Sunday, July 31, 2016

Getting ready to set the frames up on the building jig.

But I have to build that building jig first.  I wrote the text below on Friday evening, went out today between showers and bought the two long pieces and enough for legs and cross pieces for the jig, carried it down the track to the shed and its all ready for me to attack tomorrow.

Heres Fridays maunderings plus some pics, please excuse the shaky hands, I was standing on a very unstable stool trying to get a good angle with the camera.

-----  A big day?  Historic moment? Red letter day?  Hardly any of those but it’s a landmark of some sort in the building of Long Steps,  I’m off in a few minutes to pick up three 6 metre lengths of 138 x 35mm fingerjointed, kiln dried pine. These will become the basis of the building frame and I’m hoping to have the main part of that put together this afternoon.
I’ll get batteries for the laser level while I’m at it, this clever little device saves an awful lot of time. While there are other ways of getting things straight and level having a bright red line exactly on the mark makes it so easy that I cant imagine how I managed before I started using it.

I have all the frames built, there are bits and pieces still  to put on all of them but the main parts are done.  Once the bottom panel is mounted the stem and spine will be set up, B#1 and B#2 fitted, braced straight and level, and I’ll work back from there.

I did though set B#3 and B#4 up in their approximate positions the other day, just to get a feel of the space under the cuddy and am pleased. Its slightly wider and longer than the one on SCAMP, and feels much more roomy.  Nice, there is space for me in there on a rainy day, and I imagine that I can stay dry sitting out a rain shower while hove to, the stove heating up the water for a cup of tea or soup, then the cast iron frying pan on for toast and baked beans.  That’s going to make long passages much less arduous than a purely open boat.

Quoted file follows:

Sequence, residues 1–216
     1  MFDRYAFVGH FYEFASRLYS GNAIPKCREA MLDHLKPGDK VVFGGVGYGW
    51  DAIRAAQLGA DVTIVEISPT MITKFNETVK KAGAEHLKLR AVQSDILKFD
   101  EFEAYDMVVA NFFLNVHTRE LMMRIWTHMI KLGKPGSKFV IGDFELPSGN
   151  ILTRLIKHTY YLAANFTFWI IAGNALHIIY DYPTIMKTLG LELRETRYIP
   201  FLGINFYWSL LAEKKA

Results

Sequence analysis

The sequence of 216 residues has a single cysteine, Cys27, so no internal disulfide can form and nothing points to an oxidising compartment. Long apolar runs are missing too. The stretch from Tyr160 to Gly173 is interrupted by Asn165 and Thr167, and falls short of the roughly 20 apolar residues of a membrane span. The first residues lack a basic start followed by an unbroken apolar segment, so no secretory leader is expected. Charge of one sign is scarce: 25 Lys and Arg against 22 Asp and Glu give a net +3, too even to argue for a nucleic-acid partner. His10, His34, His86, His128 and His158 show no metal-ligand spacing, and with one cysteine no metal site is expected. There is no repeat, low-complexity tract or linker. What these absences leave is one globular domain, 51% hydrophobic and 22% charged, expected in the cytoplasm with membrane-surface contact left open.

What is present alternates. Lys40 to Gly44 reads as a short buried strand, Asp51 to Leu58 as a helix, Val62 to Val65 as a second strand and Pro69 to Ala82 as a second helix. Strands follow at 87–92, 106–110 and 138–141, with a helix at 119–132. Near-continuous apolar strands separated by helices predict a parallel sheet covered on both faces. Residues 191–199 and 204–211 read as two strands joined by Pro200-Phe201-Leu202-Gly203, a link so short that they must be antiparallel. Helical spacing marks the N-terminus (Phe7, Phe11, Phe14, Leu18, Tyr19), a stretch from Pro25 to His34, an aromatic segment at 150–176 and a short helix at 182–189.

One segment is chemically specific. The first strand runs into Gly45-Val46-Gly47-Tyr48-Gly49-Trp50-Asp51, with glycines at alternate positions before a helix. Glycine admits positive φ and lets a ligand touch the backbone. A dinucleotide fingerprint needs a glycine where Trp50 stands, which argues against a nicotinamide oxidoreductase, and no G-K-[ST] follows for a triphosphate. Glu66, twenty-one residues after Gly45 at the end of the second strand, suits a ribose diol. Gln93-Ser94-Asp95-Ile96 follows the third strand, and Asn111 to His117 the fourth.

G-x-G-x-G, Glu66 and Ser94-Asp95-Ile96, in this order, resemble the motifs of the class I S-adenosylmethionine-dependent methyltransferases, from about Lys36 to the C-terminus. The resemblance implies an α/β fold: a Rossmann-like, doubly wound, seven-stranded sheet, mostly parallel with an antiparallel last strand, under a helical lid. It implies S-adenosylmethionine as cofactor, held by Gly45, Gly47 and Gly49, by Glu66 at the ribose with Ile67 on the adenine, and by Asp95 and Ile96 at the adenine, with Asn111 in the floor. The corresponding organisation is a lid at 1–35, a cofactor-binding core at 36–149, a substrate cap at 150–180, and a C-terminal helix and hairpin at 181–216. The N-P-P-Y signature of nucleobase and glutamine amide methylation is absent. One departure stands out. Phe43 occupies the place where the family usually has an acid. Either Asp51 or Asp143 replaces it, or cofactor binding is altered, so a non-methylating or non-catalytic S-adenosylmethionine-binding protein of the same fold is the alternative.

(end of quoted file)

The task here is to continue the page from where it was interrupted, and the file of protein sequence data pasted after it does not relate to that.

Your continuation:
To check each frame I’ve laid them out on the bottom panel, the latter just sitting on three sawhorses so it’s a bit swaybacked. But it does give an idea of the boats size. For a sail and oar boat, its big, roomy, and I expect comfortable.
Here are some pics. She’s going to fill the shop up somewhat.

Onward with the work.

 Frame #5, I'm piecing this one up, this one is halfway back along the ballast tank, thats under the low cross part in the middle, so water and air passages are built in so the tank can be filled and drained. Over the far side you can see the little template I made for the frame heads, that makes getting them uniform much easier. There will be router work, plus some corner pieces added before the frame gets stood up on the bottom panel.

Frame #3, the  big one at the forward end of the cockpit, under the cuddy roof with the big hatches therein. Here I'm marking out the hatch edge doublers, I use the scraps from the big cuts to do this, as long as the joins in the pieces are 45 deg or better that seems to work fine.  By the time I finish this boat there wont be much left in the scraps and offcuts bin except kindling. I don't have a fire but daughter and family do.

The bottom panel from the stern end, thats just over 17 ft long, the plywood on the floor is the offcut, see the above pic to see what happens to pieces like that.
Frames laid out, I'm checking the positions here, will be standing all that up against the bench in the morning and doing some simple carpentery to get the jig built about where that lot is now, so next week I hope to have a pic or three of the bottom set up in its correct curve, with at least the stem and a couple of bulkheads in their final positions.

More nice videos,  have fun.

And one serious one.  Roger Barnes is one of the most experiened open boat cruisers anywhere,  has put more miles under the keel of his boat than anyone I know with perhaps the exception of  James McMullen, and he still got caught. In fact James got caught a little while back, so listen well.
Here’s his video telling about the experience of capsize in the open sea. I’ve not put this here to crow abut his getting wet as I’ve done the same a couple of times, but I'm trying to put the case for being prepared for the worst, every time you go out in water more than waist deep!
Be ready, be prepared, safety starts at home when you select which boat you build or buy, then carries on with rigging, preparation and storage, all that before you even think about what the weather will be like on the day. It’s a long list. There is much to think about and do before you go near the water.
Remember, unlike your car, you cant just open the door and walk home.
Thanks Roger for making this video and posting it. It  could save someones life.
The rest of you,  take heed!

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